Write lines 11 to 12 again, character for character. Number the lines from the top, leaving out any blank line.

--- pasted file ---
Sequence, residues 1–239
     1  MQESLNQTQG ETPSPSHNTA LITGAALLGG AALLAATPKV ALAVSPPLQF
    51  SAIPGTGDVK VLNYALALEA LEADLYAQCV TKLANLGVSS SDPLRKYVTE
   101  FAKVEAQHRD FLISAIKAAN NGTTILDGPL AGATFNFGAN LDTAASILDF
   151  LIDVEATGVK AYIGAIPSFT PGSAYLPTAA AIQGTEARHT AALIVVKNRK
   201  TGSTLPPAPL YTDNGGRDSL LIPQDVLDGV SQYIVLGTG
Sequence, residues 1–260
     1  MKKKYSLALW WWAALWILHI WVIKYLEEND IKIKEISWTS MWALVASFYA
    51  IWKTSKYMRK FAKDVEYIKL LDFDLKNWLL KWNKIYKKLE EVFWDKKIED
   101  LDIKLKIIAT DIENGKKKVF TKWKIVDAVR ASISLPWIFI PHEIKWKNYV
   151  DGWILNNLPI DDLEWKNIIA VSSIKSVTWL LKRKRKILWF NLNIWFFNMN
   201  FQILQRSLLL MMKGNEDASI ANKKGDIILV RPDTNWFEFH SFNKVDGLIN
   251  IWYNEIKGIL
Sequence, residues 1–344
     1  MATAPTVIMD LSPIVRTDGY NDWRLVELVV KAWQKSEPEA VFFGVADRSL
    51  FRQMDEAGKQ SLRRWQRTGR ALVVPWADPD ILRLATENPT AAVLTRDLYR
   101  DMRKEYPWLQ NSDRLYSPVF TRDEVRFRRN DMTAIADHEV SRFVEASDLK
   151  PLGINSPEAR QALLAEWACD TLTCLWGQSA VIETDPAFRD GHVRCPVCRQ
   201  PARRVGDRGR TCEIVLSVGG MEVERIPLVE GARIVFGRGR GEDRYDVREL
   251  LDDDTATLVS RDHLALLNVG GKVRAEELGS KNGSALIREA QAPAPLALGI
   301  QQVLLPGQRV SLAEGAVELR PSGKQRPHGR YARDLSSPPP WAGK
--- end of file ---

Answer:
   151  DGWILNNLPI DDLEWKNIIA VSSIKSVTWL LKRKRKILWF NLNIWFFNMN
   201  FQILQRSLLL MMKGNEDASI ANKKGDIILV RPDTNWFEFH SFNKVDGLIN